I did say I was going to come through with some black history posts for black history month didn’t I? Here I am!
I did some research and a lot of thought about what I wanted to do with my first black history post for this month (even though I know black history month is nearly over). I thought about maybe doing a fact and talking about it, or talking about music, art – anything that would come to mind. Finally, I settled on talking about Hollywood – but not current Hollywood obviously. I want to talk about black Hollywood during a time where the African-American community were not seen as equal to their white counterparts, and I also want to name a few black actors and actresses as well as directors, writers, and so on, who paved the way for today’s version of “black Hollywood”.
So, here we go…
Early Hollywood rose to popularity during a time where segregation and racial stereotypes were still the “norm” in America. African-Americans during this time were often servants or maids, rushing to the service of their white counterparts/owners/bosses. The racial stereotype formed that this was what African-Americans did – they were simply maids or sharecroppers or servants – jobs of that nature. Early Hollywood adopted this stereotype and often, this is what any African-Americans who “dreamed of stardom” were subject to. A majority of roles included roles as maids and servants; these were the roles that African-Americans were given if they dreamed of success.
Perhaps one of the most famous African-American actresses of Early Hollywood was Ms. Hattie McDaniel. If this name is unfamiliar; I shall give you some background information quickly. McDaniel was best known for her role as Mammy in the 1939 film adaptation of the novel, Gone with the Wind. For this role, McDaniel won the Academy Award for Best Supporting Actress, being the first African-American to win this award. However, this alone was insight as to how African-Americans were treated in Early Hollywood. Unfortunately, the hotel where the awards were held had a “no blacks” policy, but McDaniel could enter due to the awards. However, even inside she was not given fair treatment. She was seated at a table near the far wall; a segregated table for two – though her white agent apparently made a bold statement by joining McDaniel and her escort at the table. While many African-Americans were happy about McDaniel’s personal victory, they still felt bittersweet about the win overall due to their belief that Gone with the Wind celebrated the slave system. Some African-Americans felt as though McDaniel only won due the fact that she did not object against Hollywood’s racial stereotypes (blacks being given roles as maids and servants).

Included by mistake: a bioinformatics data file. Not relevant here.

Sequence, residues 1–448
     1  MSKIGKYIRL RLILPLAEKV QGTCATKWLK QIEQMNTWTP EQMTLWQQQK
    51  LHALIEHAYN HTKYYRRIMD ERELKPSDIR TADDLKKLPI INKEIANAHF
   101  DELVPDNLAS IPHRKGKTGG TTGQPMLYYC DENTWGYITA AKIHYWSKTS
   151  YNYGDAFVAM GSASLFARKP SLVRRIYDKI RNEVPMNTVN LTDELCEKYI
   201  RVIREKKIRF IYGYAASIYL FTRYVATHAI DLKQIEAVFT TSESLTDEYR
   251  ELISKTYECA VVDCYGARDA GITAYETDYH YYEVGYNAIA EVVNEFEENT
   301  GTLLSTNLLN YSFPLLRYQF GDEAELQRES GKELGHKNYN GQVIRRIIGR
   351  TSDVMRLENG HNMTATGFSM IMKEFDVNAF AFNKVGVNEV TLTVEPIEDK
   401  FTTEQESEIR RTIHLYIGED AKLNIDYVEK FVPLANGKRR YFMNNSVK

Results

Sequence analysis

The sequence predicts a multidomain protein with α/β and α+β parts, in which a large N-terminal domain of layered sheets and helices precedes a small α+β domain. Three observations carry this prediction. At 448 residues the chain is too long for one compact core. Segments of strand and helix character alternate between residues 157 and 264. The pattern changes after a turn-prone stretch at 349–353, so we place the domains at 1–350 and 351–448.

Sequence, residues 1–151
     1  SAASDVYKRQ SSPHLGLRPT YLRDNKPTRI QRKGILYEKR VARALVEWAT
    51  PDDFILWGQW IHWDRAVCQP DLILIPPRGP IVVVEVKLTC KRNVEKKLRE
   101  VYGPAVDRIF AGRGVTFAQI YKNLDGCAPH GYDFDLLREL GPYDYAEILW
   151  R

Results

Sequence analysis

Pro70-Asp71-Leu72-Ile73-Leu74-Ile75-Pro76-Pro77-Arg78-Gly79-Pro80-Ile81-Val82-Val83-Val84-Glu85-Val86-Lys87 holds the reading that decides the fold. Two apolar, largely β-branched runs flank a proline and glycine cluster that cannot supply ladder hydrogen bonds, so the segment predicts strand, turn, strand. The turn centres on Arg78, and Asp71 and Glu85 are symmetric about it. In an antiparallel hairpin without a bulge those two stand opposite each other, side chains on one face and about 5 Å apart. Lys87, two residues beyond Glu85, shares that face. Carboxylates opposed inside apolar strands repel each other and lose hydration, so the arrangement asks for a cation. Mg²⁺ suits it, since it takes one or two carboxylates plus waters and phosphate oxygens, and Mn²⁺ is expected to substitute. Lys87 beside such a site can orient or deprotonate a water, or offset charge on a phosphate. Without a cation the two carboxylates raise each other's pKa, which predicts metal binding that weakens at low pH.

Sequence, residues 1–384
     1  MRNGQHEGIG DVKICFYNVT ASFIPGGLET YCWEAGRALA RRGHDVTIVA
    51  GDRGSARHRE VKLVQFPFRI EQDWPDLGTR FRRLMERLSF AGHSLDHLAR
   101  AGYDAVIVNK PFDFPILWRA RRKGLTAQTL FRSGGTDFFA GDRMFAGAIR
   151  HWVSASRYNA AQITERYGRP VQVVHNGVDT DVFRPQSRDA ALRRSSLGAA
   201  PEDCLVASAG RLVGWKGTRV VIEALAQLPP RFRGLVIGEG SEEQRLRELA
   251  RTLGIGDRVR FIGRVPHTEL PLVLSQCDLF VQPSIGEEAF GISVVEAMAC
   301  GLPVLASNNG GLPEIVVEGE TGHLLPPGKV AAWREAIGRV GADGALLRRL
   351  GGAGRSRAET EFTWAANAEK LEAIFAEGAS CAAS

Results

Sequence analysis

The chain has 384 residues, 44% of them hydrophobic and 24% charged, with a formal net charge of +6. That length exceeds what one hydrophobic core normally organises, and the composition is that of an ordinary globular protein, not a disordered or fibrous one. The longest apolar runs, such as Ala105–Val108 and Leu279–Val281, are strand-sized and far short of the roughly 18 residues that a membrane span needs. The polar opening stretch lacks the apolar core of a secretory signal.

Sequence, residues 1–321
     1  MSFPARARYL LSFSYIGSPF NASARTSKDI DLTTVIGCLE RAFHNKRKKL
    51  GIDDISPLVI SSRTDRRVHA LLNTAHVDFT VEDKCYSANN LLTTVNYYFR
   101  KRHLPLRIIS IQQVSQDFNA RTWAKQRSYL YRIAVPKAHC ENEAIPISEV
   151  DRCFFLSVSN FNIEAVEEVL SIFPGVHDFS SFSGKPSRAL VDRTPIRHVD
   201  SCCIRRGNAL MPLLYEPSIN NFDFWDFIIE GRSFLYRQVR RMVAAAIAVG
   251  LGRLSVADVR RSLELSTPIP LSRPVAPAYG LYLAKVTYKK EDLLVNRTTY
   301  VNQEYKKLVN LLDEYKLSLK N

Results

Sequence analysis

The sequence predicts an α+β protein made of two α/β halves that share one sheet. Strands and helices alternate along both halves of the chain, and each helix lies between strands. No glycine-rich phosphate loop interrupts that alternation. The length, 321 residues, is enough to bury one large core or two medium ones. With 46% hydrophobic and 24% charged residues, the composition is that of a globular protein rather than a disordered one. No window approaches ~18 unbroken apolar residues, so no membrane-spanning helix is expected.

Hattie was of course given many other roles, but most them were domestics – maids or servants. This was the racial stereotype of the time, partly because the jobs that many African-Americans were given anyway. There were other famous actors and actresses who bravely took on roles of racial stereotypes to open the door for African Americans.
The first male actor to win an Honorary Academy Award was James Baskett, best known for his role as Uncle Remus in the 1946 film, Song of the South. While Baskett was criticized by many African Americans were accepting what they considered to be such a “demeaning” role, Baskett took the role with stride. His acting was praised by many, and this opened the door for other African-Americans to step into Hollywood.
Sidney Poitier is another African-American acting pioneer. By the end of 1949, Poitier was given a choice between leading roles on sage in theater, and an offer to work for Darryl F. Zanuck in the 1950 film, No Way Out. Poitier ultimately chose to play in the film, and his role as a doctor treating a Caucasian patient led to him being noticed more and more. The attention led to the offer of more roles, the roles being more interesting and prominent than most roles offered to African-Americans at the time. His breakout role, however, was in the 1955 film, Blackboard Jungle, as a member of a high school class.